Surface Pro 3

Back in September I bought a Surface Pro 3 as they were being released in the UK. The first dilemma was choosing the device. I wanted one powerful enough not to feel sluggish, but the price escalation was quite significant so I had to choose well.

My choice: the mid-range i5, 4GB RAM, 128GB disk. For a general purpose work device, this appears to have been the perfect choice.

There are plenty of reviews online, describing the pros and cons of the device. Some daft sods have even pulled it apart to see what’s inside. I won’t go into too much detail, but let’s cover the basics.

The Screen

The screen is lovely. It’s nice and sharp, with a high-density screen meaning fonts look good. It’s possible to adjust the resolution and fit more on the screen, but I found the touch screen (which is useful) quickly loses its appeal as your fat finger becomes more of a clumsy liability than a helpful pointer.

At the default settings, I get an effective screen size of 1440×960, which is a reasonable workspace.

I haven’t yet hooked up a monitor (you need to go buy extras to convert from their diddy DisplayPort to something compatible with most monitors). Supposedly this device could run with a huge 4K screen, so the options are there if you need more ‘real estate’.

The screen is bright. I’ve used it outside in September sun with few problems. Yes, it’s reflective but at its maximum setting the screen easily outshines most local light sources.

I’ve found mine has a small but irritating brightness wobble. I’m not sure if this is by design (adaptive lighting and whatnot) but it’s distracting and I find myself turning up the brightness to avoid its effects.

The Disk

My business usually revolves around Word, Excel and online databases, so my disk requirements aren’t huge. If you’ve a lot of photos or video you probably ought to consider an external disk or online options. The Surface Pro has a slot for MicroSD cards but I haven’t had a reason to use this yet. It might give a helpful capacity boost but I’m not aware SD cards are known for their speed.

Many cloud services like Dropbox will dump all your files on the device when you add a new computer, which annoyingly eats up space unless you selectively choose to ignore some folders. Microsoft’s OneDrive offers online-only sync, which seems eminently more sensible on portable devices. Roughly speaking, your files appear but don’t take up any space until you choose to open them or keep them offline. It’s a sensible option and makes a big difference on these devices.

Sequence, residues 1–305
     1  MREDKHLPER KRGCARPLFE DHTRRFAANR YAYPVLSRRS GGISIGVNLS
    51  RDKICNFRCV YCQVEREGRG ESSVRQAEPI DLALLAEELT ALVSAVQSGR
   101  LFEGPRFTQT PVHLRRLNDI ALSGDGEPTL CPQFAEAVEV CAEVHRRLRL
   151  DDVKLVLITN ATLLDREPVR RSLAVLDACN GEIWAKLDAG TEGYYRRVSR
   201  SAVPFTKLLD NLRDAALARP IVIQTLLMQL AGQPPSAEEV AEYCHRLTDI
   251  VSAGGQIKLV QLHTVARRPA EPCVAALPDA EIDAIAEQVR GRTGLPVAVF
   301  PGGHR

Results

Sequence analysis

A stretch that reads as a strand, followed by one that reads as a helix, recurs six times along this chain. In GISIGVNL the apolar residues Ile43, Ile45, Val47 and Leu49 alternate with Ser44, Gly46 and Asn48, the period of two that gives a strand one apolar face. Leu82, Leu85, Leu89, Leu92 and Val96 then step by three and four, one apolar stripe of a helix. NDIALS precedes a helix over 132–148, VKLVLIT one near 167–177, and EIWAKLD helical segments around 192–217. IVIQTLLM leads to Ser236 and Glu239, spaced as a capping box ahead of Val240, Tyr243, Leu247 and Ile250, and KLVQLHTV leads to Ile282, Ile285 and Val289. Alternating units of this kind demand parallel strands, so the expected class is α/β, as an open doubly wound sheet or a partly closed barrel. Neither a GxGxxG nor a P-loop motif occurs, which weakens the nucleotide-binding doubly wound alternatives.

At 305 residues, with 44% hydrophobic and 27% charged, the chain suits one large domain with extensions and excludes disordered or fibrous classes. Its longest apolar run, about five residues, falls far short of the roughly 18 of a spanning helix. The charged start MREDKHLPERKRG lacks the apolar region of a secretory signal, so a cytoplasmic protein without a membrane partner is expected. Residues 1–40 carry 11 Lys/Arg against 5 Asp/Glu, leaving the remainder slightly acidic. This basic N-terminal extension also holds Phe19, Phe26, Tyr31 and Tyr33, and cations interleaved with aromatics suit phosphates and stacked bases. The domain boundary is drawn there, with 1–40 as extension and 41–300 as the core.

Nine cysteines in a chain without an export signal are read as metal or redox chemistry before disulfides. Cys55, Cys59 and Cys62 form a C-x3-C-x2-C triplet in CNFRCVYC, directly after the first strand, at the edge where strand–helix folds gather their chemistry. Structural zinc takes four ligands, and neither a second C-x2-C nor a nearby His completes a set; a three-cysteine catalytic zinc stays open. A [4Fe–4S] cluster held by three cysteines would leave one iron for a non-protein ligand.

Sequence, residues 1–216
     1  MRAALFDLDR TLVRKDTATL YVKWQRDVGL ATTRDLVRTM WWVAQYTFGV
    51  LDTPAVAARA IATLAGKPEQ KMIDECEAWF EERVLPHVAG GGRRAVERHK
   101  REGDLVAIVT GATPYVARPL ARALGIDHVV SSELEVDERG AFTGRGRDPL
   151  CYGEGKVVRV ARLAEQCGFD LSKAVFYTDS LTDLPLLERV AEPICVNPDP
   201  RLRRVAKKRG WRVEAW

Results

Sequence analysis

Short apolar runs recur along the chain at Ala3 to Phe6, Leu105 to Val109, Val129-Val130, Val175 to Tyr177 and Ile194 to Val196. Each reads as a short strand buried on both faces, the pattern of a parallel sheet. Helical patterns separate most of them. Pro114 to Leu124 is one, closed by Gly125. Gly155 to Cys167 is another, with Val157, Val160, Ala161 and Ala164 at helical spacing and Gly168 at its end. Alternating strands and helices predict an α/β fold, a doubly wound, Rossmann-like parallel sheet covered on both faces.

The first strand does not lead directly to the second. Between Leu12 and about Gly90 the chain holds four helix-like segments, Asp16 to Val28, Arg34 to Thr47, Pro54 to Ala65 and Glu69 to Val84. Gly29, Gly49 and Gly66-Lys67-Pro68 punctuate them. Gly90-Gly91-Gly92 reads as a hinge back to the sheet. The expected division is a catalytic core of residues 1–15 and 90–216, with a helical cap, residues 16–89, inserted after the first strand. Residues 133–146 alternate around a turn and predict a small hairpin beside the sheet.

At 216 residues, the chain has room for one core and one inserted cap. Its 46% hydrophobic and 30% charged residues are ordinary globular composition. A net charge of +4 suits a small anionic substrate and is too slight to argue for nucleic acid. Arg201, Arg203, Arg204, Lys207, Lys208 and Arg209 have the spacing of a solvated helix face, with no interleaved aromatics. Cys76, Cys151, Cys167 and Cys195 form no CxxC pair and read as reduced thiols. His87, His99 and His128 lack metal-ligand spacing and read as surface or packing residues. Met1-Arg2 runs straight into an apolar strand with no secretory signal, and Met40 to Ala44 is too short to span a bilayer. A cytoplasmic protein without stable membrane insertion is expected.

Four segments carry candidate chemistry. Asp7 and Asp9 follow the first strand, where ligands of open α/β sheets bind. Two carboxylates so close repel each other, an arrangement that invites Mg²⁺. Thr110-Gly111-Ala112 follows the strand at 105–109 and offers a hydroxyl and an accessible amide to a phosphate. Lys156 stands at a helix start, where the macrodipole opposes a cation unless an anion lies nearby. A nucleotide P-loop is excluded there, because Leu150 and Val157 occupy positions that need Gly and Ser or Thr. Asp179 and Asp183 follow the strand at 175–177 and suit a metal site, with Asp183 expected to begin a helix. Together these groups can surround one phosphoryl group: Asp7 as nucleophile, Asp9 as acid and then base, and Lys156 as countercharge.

If you’re sensible you ought to have no problems with a smaller disk, but individual requirements will clearly matter. I’m still evaluating cloud services but will likely settle on one which offers online-only modes to save space.

The Keyboard

Let’s get one thing out of the way first. I really resent paying extra for the keyboard. It’s £100-odd on top of an already premium device. The problem is that it’s pretty well necessary to make the most of the Surface Pro.

I spent about two weeks with the device before acknowledging I would need to spend out more. WIthout the Type Cover Keyboard designed for the Pro you’re left with two choices: use a third-party USB/bluetooth keyboard or use the on-screen one. The former comes with the obvious obligation to carry yet another device. The latter is straightforwardly annoying, with the on-screen keyboard taking nearly half of the screen. Windows becomes letterbox-sized and is basically unusable.

I started with the on-screen keyboard but couldn’t get anything done without constantly scrolling. I moved to a bluetooth keyboard but became frustrated with the device overhead. So, I took the plunge and bought the Type Cover.

Skeptical at first, I rather like the keyboard. I’m a decent touch typist and can rattle out a document nearly as quickly as I can at home. The keyboard is comfortable enough and the keys feel well laid out. Usual ergonomics apply: as a flat laptop-style keyboard this is not something you want to use for hours on end, but it’s certainly effective and productive.

The keyboard has a backlight which is handy if you enjoy typing in darkness. The function keys are a little frustrating. Home, End, etc. are shared with function keys, so a secondary Fn keypress needs to be used to switch from one to the other. Annoying, but it’s something I’m getting steadily accustomed to – and seems to be fairly common nowadays anyway.

The touchpad is okay. I’ve found mine a little flimsy – enough to wonder if it’s a defect – but reviews elsewhere have made similar comments and the thing works. Realistically as more programs, web sites and the OS are gearing up for touch screens I find myself increasingly tapping on the screen to get something done, rather than move the cursor about. It saves time and works well.